Well on my way to condemnation

Didn’t Jesus mention long robes?
Photo Courtesy The Rev. Joseph Mathews

Teaching in the temple, Jesus said, “Beware of the scribes, who like to walk around in long robes, and to be greeted with respect in the marketplaces, and to have the best seats in the synagogues and places of honor at banquets! They devour widows’ houses and for the sake of appearance say long prayers. They will receive the greater condemnation.”

This is not the best Sunday to be a preacher; especially in a liturgical church.  As we do every Sunday, we’ll put on our finery, we’ll wear symbols that mark us as ontologically different, we’ll say long prayers, and take the seat of honor in the sanctuary and then we’ll stand up and read the opening sentences of Sunday’s lesson from Mark’s Gospel.  I’ve written elsewhere (using the same photograph, in fact) about the use of vestments in the Church, so I won’t rehash that here.

What I will offer today is a thought on the issue.  First, to those clergy persons who read this blog: As a member of the clergy, do you know why you wear what you wear on Sunday morning?  If you do, and it is something more than blind superstition or “the way things have always been,” then thanks be to God.  If you don’t, well then how do you plan to read this to your congregation on Sunday?  A follow-up question would be, “have you taught you congregations why we – bishops, priests, deacons, lay ministers, choir members, etc. – wear what we wear on Sunday morning?  If not, do you plan on just reading and ignoring this portion of Sunday’s text?  Now, to the laity who read this blog: Do you have a clue what the signs, symbols, and vestments that adorn your worship space mean?  If not, why don’t you ask?  It’d be a good exercise for the whole parish.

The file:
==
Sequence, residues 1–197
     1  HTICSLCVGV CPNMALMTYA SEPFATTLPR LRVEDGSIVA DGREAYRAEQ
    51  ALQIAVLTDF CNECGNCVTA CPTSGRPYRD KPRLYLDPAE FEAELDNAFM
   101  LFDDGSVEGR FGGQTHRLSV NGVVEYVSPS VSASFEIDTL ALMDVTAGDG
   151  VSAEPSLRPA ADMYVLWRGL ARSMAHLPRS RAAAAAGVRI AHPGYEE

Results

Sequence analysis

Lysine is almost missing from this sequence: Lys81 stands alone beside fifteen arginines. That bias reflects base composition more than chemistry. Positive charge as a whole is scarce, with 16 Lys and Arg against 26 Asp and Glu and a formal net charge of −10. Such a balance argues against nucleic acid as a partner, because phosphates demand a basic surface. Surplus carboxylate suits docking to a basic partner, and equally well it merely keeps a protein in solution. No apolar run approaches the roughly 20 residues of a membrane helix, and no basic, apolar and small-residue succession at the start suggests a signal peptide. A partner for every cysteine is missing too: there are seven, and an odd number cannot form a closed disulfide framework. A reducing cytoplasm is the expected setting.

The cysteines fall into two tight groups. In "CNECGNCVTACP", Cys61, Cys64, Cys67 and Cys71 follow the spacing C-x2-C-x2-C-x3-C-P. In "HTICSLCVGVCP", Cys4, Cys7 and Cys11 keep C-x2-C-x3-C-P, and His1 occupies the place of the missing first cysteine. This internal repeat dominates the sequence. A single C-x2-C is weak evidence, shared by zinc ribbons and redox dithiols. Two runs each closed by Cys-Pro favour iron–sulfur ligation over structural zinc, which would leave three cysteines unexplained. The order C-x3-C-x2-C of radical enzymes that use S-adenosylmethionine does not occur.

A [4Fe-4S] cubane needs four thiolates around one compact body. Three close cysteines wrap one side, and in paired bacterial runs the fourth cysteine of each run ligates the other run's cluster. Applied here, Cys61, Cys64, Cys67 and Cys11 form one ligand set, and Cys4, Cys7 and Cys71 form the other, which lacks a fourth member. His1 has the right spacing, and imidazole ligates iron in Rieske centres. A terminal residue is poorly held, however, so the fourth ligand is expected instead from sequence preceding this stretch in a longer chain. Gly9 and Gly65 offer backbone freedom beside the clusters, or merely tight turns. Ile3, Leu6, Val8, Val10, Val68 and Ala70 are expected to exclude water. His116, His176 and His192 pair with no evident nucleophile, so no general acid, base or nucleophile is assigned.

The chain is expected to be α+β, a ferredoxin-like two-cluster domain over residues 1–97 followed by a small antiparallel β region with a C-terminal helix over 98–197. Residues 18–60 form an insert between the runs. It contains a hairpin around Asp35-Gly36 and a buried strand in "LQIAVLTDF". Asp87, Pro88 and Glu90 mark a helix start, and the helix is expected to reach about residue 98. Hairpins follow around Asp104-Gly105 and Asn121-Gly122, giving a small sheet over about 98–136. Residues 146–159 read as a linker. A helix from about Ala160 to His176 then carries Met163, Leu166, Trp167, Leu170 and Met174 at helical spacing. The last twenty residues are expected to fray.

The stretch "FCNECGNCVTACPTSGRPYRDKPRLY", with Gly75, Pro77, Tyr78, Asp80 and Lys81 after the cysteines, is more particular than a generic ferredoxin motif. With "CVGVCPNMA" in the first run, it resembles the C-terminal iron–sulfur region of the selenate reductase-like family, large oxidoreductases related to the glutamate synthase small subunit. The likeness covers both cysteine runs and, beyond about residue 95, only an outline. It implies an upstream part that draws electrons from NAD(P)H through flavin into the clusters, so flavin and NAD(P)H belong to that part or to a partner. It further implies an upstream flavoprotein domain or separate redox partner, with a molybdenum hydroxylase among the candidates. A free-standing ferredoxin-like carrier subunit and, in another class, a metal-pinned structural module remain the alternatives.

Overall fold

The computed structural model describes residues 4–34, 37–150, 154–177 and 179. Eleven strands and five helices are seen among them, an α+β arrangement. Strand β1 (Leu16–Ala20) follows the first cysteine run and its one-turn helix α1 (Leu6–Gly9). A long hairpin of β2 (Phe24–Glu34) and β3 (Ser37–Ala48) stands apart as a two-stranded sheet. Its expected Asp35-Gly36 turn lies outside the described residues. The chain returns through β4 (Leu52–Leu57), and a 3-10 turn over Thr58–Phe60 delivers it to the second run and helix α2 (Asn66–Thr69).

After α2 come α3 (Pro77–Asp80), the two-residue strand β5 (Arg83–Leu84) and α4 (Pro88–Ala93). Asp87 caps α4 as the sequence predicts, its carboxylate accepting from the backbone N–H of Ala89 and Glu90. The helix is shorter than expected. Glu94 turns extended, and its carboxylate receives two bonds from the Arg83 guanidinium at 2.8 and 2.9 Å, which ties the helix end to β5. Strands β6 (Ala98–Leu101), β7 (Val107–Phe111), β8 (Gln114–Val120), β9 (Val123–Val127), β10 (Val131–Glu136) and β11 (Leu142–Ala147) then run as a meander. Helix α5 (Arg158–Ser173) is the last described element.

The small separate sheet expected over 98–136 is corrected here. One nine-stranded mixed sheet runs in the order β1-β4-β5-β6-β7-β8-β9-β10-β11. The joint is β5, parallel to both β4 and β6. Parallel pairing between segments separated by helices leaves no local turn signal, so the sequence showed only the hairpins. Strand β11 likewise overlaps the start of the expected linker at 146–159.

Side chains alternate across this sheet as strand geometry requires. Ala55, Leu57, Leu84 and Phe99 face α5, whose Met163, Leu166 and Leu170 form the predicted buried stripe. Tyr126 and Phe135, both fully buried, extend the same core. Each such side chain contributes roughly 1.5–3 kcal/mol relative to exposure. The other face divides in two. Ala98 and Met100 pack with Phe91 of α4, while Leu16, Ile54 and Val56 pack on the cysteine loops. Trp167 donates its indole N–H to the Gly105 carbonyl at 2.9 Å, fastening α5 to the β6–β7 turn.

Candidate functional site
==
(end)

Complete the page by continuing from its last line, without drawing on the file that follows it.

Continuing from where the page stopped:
Now… where is my guide to church vestments… somebody’s gonna ask.

Advertisements

7 thoughts on “Well on my way to condemnation

  1. Having read both Hovda’s “The Vesting of Liturgical Ministers” and the section on vestments in Malloy’s _Celebrating the Eucharist_, yes, I know quite well why I wear what I wear. In the long-run (as a whole package to forming a community to plan its worship collectively), I will share both of those resources with congregations, too.

    One T in my last name.

  2. Steve, I think the key to this passage are the words “like to”. Christ speaking against affectation and pretense perhaps? I view the clerical robes as speaking to the transcendence of God in worship – I don’t know too many of our local Episcopal priests who pray those long prayers in public just to sound holy. But, I agree with you that those things that adorn our worship space and/or liturgy (including acts of personal devotion) need to be understood for what they represent. I believe that this enlarges us and brings us together.

  3. Ah, ‘to be like little children’ does not require an ‘understanding’ of anything (once again the intellect may get in the way), but simply an experience of the presence and power of God or perhaps, ‘the transcendence of God in worship’ which might be enabled/empowered by the long robes, etc or not.

  4. Lots of “good” reasons we wear what we do,but mostly they are practical. All the ministers up front wear special vestments so that we aren’t focused on the differences in clothing between rich and poor folk who come to the altar. We also used to have shoes for acolytes since some couldn’t afford black shoes (now we don’t care). The other practical reason is they are fun and look nice (and if they don’t look nice, we shouldn’t be wearing them).

  5. While I was going to focus on the widow’s gift… All gave some, she gave all; this is a wrinkle that I will address. Presbyterians love their academic robes and I believe I know why we wear them. As for me? I can do without it as I did for 21 years in the Air Force Chaplaincy. I believe it is so that we don’t call particular attention to ourselves but rather are robed alike. But then there are those mystifying Doctorate stripes on the sleeve that I will never earn (not particularly interested in that course and have seen too many in and out of uniform who preen like the Scribes and Pharisees for my own liking).

    It really all should come down to a humble servant of Christ in the pulpit or at the Table (or Altar in your case)… I’m just a fool trying to follow Christ, and even that statement can become a prideful one if I don’t watch it 😉

    A new follower of your blog. Thanks for writing and sharing!

Leave a Reply

Fill in your details below or click an icon to log in:

WordPress.com Logo

You are commenting using your WordPress.com account. Log Out / Change )

Twitter picture

You are commenting using your Twitter account. Log Out / Change )

Facebook photo

You are commenting using your Facebook account. Log Out / Change )

Google+ photo

You are commenting using your Google+ account. Log Out / Change )

Connecting to %s